Racism at work damages productivity says Commissioner
Australian Race Discrimination Commissioner Tim Soutphommasane has spoken out about an alarming increase in racial hatred in Australian workplaces.
In a speech that highlighted the importance of workplace anti-discrimination training, Mr Soutphommasane explained that there had been a “significant increase” in the number of complaints about racial hatred made by members of the public over the last year. In fact, Mr Soutphommasane says that the number of racial discrimination complaints recorded by the Australian Human Rights Commission in the year 2012-13 was nearly 60 per cent higher than during the 12 months prior.
“It’s often said that racism is just a part of life: that racism will always exist; that those who experience [it] should ultimately have to accept it with stoicism. I don’t think [that] it’s good enough to leave it at this,” said Mr Soutphommasane, speaking at the University of Queensland’s International House. “There are significant harms that racism causes. Prejudice and discrimination are barriers to fair treatment and equal opportunity. They harm an individual’s freedom to participate as a citizen in the community.”
Mr Soutphommasane also warned that racism at work can have a significant impact on businesses, stating that “We also have economic reasons for believing that racism matters. When racism occurs, it can get in the way of participation and productivity.” While the human cost is clearly paramount, employers should be mindful that behaviour within a team which undermines working relationships or affects workers’ general wellbeing while at work, can ultimately impact negatively on their bottom line.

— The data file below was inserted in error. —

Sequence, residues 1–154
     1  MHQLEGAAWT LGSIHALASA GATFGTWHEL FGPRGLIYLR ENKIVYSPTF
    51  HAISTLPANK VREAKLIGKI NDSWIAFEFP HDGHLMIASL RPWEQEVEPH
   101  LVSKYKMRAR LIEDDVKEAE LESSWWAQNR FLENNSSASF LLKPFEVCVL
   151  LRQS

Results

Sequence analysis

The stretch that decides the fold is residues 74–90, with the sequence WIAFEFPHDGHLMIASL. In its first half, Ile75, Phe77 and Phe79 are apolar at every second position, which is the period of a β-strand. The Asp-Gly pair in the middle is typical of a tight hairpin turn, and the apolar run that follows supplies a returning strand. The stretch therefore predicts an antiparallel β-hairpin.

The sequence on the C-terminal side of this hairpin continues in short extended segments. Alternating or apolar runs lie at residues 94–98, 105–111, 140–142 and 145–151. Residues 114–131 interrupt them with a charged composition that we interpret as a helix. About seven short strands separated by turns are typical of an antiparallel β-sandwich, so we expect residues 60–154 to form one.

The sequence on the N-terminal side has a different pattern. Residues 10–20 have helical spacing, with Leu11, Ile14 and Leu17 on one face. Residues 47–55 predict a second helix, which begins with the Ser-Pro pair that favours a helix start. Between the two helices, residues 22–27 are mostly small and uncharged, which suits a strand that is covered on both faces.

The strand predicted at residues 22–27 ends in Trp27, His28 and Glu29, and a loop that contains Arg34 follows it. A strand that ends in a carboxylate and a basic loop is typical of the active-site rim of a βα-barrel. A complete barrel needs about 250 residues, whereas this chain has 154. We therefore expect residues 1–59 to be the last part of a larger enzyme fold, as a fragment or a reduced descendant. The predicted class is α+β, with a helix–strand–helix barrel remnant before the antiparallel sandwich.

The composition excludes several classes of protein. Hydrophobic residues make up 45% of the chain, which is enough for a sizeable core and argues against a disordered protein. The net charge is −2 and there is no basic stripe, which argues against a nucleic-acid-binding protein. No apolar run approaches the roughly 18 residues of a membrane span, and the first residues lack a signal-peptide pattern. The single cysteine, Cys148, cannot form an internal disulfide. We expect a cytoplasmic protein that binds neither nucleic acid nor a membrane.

The Commissioner’s comments are supported by data from the Victorian Human Rights and Equal Opportunities Commission’s Reporting Racism survey. The survey report released in May showed that the most common place for people to experience racism was at work. Mr Soutphommasane concluded his speech by stressing that in order to tackle racial discrimination, Australia as a whole would need to confront the problem head on.
Australian business leaders may want to take this speech as a catalyst to look closely at organisational culture and any behavioural guidelines, policies and values which underpin it.
It is important not to underestimate the potential for racism within an organisation. As Mr Soutphommasane points out, racism is not necessarily violent or malicious, it can be as simple as a joke, a casual comment or excluding someone from a conversation. Every worker has the right to live and work in freedom, without worrying about becoming a victim of racial discrimination, and employers have a responsibility to take steps to provide a safe working environment, free from discrimination and harassment.
Clear, well-communicated policies and effective anti-discrimination training are integral to ensuring a safe and healthy working environment for all.